Juxtaposed against them are moments created to convince him to wear his scarf. Harish’s encounter with his wife’s father, his monologue on the ghat, and even the simple reminiscence of the family eating gol gappe all have an emotional impact. Interactions between family members are carefully woven into the narrative and infused with warmth and humor. Kudos to the actors for making it feel real and relatable and for keeping the melodrama to a minimum.
Given the chemistry and camaraderie that Amitabh Bachchan and Neena Gupta have shared in the film, it’s a mystery why no one thought of pairing them up sooner. They give off vibes of a fortunately married couple who over the years have accepted each other, warts and all. Their scenes together are the best thing about the movie. They deserve another movie together, where their roles are better. Neena Gupta leaves the movie too quickly and we definitely would have liked to see more of her. Amitabh Bachchan plays a grumpy patriarch with a heart of gold once again in a movie and yet manages to bring a novelty to his performance. He has always made his appearance look simple and his professionalism seems to have rubbed off on his co-stars as well, as they all seem to be on the best of him hanging out with him.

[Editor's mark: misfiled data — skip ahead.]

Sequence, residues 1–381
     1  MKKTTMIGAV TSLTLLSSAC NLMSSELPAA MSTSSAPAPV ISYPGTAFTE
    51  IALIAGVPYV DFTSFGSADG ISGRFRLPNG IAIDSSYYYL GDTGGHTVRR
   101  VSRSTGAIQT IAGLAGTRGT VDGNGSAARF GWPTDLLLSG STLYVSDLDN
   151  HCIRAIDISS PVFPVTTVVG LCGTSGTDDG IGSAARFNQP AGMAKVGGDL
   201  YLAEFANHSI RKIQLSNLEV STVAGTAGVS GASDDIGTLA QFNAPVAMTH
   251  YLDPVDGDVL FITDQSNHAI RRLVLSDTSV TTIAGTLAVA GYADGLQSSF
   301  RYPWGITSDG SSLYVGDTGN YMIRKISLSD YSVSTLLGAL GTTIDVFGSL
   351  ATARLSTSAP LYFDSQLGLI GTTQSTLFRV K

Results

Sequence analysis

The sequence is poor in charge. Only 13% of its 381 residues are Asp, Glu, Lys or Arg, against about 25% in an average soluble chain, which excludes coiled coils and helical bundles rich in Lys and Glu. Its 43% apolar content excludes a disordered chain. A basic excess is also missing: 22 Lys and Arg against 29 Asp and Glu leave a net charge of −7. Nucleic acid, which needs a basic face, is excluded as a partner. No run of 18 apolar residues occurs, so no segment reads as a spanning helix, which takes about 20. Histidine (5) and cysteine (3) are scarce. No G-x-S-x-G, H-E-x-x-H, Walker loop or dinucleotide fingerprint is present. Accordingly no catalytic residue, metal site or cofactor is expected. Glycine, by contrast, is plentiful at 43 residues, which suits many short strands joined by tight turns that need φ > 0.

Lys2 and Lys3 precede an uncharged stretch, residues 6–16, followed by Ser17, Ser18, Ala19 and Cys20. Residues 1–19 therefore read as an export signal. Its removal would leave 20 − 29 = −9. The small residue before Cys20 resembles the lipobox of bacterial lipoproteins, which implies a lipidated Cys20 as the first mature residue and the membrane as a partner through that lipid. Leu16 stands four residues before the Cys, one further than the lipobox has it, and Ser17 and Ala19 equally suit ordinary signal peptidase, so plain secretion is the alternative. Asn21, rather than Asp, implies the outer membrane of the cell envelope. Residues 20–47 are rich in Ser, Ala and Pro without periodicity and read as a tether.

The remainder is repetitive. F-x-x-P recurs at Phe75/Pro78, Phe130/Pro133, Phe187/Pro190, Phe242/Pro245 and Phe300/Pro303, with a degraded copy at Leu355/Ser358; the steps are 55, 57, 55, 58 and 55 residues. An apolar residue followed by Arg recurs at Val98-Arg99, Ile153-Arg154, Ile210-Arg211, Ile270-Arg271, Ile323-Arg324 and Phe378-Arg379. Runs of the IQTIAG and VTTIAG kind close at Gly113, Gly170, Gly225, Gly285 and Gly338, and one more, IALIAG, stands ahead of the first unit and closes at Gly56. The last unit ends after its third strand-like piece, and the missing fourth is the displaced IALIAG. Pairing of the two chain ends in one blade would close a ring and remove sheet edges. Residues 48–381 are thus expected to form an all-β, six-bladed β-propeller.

National sweetheart Rashmika Mandana made her Bollywood debut with this film and she fits her role as a rebellious daughter perfectly. The scenes of her with Bachchan and with Pavail Gulati, her closest sister, are as pure as they get. She manages to make an impression even in this unglamorous debut. Pavail Gulati shines as the eldest son who learns he has additional obligations to take on, and Sunil Grover also makes his mark in his brief but pivotal role. Elli AvrRam, who has earned a reputation as a dancer, has shown here that she can act too.
Last year, we saw movies like Pagglait and Ramprasad Ki Tehrvi dealing with families trying to deal with missing a loved one, and Goodbye is another addition to the same custom. While it doesn’t say anything surprisingly unique, the film manages to be a feel-good comedy-drama about coping with disappearance and loss. Look out for the impressed appearance of the full cast and don’t forget to wear your scarf along…
Renuka Vyavahare, Oct 6, 2022, 7:37pm IST
Synopsis: Engrossed in celebrating her first career milestone with friends, Tara Bhalla (Rashmika Mandanna) misses phone calls from her father Harish (Amitabh Bachchan). Her world falls apart when she wakes up to discover that these calls were made to inform her of the untimely death of her mother Gayatri (Neena Gupta). What happens next, she writes the story.